As the handle comes into contact with my body I then shift my weight and rotate to continue the cut to bottom center.
    At center I slow down and try to catch the little nub in the flute. I seldom catch it but it forces me to slow the cut, go to dead center, and not dig a hole.

    Through all of this riding the bevel is essential.
    When you come off the bevel the nose of the gouge digs in and your brain pulls it back and you get a washboard effect.
    Also as you come around the curve you are cutting more into the end grain which is harder so you must slow down.
    I usually slow down and take this cut in two passes.

    Work safe,
    Al
     
  4. hockenbery

    hockenbery AAW Advisor Staff Member

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    John gave me an idea. My first youtube video. Carl gave me a DVD from a demo I did on gouges for Tri-county wood turners in February.
    In the demo I turned a small bowl to finish green, showed sharpening, and turned a scoop. Jan did an excellent job on the video. The camera switcher took a snooze a couple of times. Also the sound is a little iffy We have a speaker for the audience but the camera has to pick put the sound to record it.
    the speaker is sort marginal. But I think you can see how I hollow a bowl quite well.

    With my limited video skills I cut the hollowing part into a clip for youtube.

    Note in the beginning I hold the tool with my hand around it because I will cut through the center hole used on a screw chuck and I don't want any bounce when I come into the hole. Once that is gone I open my hand. I seldom turn bowls on screw chucks but for this demo I wanted something quick and the demo was about gouges not bowls.

    Maybe this will help you see what I tried to explain in the earlier post.

    http://youtu.be/flw8LwQqGQU

    Work safely,
    Al
     
    Last edited: Apr 23, 2013
  5. hu lowery

    hu lowery

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    Thanks, and a little more information

    First, I apparently caused some of my own grief as usual. I brought a decent grinder over here, variable speed Delta with a white wheel on one side and a decent rest, no jigs. I raked back the bevel(opposite of the flutes) on my square faced bowl gouge, apparently the opposite of what I should have done.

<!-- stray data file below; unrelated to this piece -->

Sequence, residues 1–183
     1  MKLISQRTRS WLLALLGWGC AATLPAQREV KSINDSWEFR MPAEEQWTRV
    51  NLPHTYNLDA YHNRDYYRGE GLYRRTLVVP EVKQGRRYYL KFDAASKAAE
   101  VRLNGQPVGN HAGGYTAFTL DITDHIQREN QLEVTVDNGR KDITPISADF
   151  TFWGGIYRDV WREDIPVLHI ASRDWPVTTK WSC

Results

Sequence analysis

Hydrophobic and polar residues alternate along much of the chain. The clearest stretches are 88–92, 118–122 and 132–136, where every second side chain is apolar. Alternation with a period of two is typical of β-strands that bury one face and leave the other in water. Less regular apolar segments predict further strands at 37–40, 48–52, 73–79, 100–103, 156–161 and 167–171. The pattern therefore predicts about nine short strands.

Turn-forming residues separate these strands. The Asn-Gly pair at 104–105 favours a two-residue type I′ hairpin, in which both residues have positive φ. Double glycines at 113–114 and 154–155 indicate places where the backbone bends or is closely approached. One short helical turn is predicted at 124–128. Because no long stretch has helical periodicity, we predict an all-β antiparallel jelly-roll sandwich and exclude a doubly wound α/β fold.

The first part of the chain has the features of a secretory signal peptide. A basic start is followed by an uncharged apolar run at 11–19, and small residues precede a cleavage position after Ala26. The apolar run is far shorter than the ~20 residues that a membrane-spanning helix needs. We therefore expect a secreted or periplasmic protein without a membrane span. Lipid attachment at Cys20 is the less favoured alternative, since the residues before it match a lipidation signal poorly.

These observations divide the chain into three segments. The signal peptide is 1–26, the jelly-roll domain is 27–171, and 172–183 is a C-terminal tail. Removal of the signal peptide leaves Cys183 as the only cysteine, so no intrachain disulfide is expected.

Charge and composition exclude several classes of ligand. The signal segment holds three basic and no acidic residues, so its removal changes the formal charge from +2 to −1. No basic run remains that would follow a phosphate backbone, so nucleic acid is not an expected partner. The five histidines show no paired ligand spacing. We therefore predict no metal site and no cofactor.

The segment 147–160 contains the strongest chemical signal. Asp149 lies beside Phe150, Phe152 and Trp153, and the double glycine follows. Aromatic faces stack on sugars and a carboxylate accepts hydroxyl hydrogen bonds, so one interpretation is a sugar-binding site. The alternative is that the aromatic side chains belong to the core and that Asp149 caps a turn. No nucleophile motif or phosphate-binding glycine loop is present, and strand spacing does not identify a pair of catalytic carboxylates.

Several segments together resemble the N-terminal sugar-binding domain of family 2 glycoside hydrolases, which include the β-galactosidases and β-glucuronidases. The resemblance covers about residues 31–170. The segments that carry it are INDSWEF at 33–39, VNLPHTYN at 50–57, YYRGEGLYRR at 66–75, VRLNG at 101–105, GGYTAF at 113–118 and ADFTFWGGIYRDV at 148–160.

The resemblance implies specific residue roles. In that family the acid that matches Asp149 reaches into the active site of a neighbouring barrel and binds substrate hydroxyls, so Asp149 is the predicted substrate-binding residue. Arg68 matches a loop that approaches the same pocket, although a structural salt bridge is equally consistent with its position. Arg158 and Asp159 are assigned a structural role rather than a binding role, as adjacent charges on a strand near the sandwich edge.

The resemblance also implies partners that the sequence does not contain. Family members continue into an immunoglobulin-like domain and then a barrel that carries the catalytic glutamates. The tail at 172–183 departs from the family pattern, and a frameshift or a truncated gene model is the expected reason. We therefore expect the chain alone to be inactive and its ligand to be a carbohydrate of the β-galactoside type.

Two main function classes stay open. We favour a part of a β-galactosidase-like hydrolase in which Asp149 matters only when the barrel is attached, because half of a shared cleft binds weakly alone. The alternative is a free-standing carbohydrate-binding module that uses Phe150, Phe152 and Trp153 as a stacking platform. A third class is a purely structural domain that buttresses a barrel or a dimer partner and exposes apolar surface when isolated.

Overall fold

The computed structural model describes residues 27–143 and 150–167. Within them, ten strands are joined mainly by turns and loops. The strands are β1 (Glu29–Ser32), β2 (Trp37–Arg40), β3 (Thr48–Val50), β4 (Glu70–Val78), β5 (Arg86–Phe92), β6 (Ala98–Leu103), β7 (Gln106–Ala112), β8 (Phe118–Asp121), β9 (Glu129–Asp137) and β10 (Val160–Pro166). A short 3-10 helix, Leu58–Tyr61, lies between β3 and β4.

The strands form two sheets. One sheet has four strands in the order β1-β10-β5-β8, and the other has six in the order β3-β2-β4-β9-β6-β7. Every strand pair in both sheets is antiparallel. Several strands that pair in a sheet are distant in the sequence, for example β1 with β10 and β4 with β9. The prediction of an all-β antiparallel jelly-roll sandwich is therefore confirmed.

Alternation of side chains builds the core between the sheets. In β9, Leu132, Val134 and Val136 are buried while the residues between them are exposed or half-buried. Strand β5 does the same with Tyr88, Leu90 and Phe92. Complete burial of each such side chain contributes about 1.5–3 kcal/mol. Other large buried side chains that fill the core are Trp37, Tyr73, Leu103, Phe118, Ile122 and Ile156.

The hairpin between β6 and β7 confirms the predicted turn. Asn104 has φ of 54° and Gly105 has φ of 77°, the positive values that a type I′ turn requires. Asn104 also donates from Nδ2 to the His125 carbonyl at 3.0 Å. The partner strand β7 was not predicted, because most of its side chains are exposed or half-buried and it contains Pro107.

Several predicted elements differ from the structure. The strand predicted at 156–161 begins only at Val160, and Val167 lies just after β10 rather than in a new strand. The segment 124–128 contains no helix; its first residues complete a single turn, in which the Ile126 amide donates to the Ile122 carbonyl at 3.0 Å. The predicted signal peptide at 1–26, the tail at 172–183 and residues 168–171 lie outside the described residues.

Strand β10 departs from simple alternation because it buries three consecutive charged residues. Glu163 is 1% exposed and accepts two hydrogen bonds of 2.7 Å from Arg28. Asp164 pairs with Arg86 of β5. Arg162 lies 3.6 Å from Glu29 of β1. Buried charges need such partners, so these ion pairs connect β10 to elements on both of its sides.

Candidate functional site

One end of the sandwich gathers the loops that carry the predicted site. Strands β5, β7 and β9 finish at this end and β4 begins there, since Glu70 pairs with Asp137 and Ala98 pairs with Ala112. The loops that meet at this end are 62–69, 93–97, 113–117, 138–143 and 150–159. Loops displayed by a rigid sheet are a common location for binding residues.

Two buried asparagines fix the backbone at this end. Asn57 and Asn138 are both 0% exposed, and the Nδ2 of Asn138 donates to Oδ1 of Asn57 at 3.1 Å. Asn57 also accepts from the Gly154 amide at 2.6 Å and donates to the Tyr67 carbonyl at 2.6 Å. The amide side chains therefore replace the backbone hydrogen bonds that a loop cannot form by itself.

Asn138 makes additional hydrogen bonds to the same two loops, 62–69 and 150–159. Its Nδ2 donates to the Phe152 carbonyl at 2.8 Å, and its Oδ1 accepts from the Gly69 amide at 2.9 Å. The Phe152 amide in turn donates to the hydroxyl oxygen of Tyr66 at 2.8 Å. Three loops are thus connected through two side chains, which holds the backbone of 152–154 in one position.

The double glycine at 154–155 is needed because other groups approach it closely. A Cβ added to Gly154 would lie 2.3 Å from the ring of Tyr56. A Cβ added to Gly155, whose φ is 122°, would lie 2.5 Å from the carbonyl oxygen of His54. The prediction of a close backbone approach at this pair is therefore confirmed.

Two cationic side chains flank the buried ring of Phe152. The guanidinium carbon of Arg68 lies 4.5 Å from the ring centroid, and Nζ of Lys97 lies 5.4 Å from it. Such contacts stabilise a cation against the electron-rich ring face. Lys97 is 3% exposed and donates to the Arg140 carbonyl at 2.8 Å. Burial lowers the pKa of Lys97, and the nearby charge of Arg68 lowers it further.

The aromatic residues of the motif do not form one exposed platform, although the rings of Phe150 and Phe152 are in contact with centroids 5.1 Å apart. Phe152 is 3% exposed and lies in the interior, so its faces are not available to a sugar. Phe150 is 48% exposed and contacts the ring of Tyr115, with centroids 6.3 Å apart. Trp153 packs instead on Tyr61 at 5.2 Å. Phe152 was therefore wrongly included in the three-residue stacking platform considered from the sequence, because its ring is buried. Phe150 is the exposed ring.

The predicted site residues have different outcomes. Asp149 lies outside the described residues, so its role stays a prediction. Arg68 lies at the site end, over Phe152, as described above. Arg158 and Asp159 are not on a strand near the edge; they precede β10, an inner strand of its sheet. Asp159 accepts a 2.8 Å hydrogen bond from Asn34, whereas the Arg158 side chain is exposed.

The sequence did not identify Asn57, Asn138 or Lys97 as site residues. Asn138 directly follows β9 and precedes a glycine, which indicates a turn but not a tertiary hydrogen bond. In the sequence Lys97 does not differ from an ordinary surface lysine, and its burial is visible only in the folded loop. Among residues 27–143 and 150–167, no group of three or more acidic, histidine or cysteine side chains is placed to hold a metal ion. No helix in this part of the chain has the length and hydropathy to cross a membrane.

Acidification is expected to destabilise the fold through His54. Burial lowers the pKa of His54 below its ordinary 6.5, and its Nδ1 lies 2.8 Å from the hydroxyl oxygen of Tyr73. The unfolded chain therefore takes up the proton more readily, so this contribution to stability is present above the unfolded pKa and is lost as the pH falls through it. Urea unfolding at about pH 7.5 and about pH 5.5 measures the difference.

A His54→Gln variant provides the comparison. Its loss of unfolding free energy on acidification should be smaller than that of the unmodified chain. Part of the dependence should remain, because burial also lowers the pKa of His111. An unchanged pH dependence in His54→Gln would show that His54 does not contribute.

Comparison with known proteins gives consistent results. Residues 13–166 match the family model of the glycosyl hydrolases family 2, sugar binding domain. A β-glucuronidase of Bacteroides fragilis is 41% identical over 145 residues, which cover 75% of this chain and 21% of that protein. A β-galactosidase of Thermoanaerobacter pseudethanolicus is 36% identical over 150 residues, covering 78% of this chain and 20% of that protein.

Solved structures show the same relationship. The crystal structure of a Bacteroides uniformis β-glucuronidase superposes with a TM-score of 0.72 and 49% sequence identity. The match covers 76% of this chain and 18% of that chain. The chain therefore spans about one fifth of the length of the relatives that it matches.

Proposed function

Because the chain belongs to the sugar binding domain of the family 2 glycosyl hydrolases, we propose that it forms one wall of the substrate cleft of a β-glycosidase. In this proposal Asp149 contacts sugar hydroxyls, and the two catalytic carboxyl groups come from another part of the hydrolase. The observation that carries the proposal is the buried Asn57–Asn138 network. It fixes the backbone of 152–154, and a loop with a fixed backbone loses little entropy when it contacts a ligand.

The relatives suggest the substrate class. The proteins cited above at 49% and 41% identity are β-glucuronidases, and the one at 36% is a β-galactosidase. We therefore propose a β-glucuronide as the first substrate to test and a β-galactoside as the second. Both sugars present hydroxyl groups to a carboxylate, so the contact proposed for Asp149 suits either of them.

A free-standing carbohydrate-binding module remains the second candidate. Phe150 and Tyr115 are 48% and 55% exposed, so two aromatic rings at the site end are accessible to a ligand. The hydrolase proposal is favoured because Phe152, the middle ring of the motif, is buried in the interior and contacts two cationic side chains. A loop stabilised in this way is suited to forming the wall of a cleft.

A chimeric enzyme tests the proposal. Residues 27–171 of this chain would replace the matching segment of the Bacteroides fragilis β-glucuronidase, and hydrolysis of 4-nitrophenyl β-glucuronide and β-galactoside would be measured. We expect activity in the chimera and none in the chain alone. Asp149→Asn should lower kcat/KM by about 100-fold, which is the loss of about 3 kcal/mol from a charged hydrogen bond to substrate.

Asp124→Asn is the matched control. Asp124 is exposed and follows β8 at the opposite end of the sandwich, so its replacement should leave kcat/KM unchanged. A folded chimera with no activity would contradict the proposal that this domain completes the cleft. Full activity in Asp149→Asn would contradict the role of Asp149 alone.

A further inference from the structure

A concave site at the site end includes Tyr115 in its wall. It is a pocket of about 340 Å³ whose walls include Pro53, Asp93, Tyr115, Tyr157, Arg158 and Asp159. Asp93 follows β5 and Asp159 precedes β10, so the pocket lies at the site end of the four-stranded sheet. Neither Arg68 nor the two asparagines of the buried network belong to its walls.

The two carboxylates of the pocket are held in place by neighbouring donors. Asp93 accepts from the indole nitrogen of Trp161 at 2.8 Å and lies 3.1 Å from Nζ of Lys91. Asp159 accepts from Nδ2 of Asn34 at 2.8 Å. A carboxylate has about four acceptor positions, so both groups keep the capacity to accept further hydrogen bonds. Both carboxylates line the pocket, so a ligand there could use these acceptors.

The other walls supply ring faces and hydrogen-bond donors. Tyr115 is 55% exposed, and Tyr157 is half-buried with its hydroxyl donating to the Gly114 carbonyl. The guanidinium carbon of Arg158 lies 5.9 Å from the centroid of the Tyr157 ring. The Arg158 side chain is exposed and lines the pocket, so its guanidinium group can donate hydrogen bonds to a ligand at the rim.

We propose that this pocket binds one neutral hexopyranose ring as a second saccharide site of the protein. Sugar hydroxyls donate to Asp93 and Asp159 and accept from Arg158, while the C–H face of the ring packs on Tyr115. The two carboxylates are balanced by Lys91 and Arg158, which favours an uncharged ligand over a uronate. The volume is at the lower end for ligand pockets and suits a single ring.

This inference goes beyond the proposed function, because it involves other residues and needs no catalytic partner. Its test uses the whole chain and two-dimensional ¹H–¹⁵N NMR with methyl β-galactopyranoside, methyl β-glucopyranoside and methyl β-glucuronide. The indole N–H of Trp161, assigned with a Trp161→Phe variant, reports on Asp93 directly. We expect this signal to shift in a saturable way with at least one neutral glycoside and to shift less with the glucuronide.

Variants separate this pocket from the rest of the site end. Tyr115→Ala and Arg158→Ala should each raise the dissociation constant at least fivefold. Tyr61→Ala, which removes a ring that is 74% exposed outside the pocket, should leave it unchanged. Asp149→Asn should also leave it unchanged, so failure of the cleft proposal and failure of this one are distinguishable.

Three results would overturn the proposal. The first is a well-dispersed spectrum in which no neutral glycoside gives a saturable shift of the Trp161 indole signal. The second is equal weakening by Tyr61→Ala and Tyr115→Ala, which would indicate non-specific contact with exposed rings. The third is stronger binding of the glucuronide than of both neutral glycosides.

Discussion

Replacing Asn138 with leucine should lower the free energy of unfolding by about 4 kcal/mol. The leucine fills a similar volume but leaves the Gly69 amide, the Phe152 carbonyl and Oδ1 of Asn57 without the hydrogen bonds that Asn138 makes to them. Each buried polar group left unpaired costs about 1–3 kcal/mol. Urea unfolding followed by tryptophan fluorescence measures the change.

I have been uncertain how important riding the bevel is too. One place says ride the bevel, to the extreme they recommend having gouges with grinds every five or ten degrees apart from thirty to sixty degrees. Another place seemed to say that riding the bevel wasn't important. I realize there are exceptions but would the consensus be, especially when hollowing, ride the bevel without a very specific reason not to?

    I have also had a little of an issue rounding the bottom corner of the bowl or vessel. An optical illusion for whatever reason, I don't have as wide a radius on a vessel or bowl when I turn it upright as I thought I had on the lathe. I think I'll make a quicky template out of just a piece of pasteboard or something, not to make all curves the same but to give me a standard reference indicating how steep my current curve is or isn't until my eyeballs get a bit more educated.

    These are low quality images I hadn't intended to post, light and cell phone issues, but this shows all six of my completed pieces, or those that died with enough surviving to photograph. The one with the huge chunk broken out was the result of a broken tenon also, ancient history though. The center bottom and stand alone image are the last bowl I turned. Sounds like the main issue with it may have been that I did myself in trying to lay the bevel back when it needed to remain the same or even come forward while laying the wings back.